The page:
As anticipated, companies were not lining up to bareboat register their ship on day one, but a few were ready to grab the opportunity. However, this was not done overnight. 

“A lot must be in place when ships are registered or removed from the Norwegian registers,” explains Tone Olsen Risnes, Senior Adviser at the Norwegian Ship Registers. 

The parties need a list of the requirements that need to be met to be registered in the primary and the bareboat register, as well as a lease agreement. Also, the mortgagee, the registered owner and the primary register must consent before the registration is completed.

Six bareboat-registered ships

As early as last summer, the Ship Registers started working on several registration processes, but it was not until September that the very first bareboat registration was completed, when a ship was bareboat chartered out to Brazil.  

Since then, a total of five ships have been bareboat registered in NIS, and one in NOR. Four are general cargo ships, one is an offshore vessel, and the last one is a chemical tanker. Four of the six ships were transferred to the Norwegian flag from Panama, one came from Cyprus and the last one from the Faeroe Islands.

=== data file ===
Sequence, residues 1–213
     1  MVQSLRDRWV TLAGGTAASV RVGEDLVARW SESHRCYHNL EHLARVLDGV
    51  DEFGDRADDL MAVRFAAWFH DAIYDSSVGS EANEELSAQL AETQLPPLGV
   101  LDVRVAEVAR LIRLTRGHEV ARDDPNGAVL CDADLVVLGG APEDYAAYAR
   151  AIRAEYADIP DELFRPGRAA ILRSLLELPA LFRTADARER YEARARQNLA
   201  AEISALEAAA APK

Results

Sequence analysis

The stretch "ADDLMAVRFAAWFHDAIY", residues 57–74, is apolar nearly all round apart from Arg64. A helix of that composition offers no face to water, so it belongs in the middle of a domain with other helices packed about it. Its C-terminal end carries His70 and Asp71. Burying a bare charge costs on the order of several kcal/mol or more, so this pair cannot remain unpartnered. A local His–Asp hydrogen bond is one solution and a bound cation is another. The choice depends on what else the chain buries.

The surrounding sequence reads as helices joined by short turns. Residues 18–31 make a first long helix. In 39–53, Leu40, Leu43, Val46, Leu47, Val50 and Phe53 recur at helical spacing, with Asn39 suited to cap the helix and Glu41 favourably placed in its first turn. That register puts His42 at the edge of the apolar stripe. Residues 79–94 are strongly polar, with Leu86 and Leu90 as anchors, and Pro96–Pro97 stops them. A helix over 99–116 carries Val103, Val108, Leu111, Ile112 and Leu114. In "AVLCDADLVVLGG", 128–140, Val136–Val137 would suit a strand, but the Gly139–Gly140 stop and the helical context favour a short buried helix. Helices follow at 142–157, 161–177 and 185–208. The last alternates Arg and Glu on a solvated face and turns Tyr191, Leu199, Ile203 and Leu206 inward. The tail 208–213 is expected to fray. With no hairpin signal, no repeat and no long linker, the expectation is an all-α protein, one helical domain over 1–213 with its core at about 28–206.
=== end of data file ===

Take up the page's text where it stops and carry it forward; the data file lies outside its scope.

“They all have registered owners established in the country of primary registration. All but one of the ships have Norwegian charterers. The final charterer is Danish,” says Risnes.

Pleased to offer this arrangement

Three ships have been bareboat chartered out of NIS, and two out of NOR. These include three supply vessels, one construction vessel and one car ferry. Brazil is the new bareboat state for two of the ships, Cyprus for one, Panama for another, while the last ship is flying the German flag.

The flexibility offered with the opportunity to bareboat register for ten years, with a possible five-year extension, has already been used. The duration of the contracts that have been registered so far varies from a couple of years to a decade.

“We are very pleased to offer this arrangement and happy to see that companies are using it. There is no doubt that more ships would have been removed from the NIS and NOR ship registers, both now and in the future, if we had not started to offer bareboat registration like most bigger flag States have done for years,” says Risnes.